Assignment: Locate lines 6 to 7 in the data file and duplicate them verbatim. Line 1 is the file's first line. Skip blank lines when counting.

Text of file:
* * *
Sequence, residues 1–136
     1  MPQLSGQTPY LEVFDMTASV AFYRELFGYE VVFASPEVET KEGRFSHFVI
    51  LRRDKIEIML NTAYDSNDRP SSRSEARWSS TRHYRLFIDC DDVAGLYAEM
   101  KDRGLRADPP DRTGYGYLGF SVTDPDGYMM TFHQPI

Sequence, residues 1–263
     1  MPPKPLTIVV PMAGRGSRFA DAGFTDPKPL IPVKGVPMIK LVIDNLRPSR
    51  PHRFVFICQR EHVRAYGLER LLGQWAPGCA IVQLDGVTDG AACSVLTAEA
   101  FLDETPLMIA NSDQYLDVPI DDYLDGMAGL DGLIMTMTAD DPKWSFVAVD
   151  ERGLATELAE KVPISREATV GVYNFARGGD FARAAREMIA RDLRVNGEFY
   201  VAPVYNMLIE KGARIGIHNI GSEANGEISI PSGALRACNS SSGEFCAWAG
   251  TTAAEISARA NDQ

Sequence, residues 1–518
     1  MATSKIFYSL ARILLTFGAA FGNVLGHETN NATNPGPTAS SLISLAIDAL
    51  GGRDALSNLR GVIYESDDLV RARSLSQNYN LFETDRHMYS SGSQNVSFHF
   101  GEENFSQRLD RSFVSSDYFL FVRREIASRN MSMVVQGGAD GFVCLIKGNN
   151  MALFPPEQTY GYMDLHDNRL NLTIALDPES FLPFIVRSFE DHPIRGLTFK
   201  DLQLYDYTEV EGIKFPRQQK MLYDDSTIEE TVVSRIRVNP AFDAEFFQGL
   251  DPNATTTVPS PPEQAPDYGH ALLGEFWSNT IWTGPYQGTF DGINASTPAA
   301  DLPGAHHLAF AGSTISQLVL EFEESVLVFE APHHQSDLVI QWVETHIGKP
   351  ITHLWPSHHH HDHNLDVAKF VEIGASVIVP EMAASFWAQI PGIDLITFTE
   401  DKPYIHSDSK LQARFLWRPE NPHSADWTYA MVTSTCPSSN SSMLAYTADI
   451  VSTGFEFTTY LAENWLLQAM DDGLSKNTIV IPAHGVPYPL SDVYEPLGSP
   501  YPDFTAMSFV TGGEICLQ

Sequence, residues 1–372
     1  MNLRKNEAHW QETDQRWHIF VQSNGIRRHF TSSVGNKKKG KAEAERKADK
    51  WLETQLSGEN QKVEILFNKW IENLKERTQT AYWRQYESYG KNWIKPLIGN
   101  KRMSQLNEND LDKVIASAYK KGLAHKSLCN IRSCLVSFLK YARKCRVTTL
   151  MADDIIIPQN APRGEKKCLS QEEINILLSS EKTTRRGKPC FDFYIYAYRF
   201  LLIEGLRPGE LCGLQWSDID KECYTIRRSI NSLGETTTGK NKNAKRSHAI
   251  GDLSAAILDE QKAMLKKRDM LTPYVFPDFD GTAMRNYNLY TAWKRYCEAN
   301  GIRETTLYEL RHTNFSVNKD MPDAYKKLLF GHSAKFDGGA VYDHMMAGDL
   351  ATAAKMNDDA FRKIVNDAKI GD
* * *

     1  MPPKPLTIVV PMAGRGSRFA DAGFTDPKPL IPVKGVPMIK LVIDNLRPSR
    51  PHRFVFICQR EHVRAYGLER LLGQWAPGCA IVQLDGVTDG AACSVLTAEA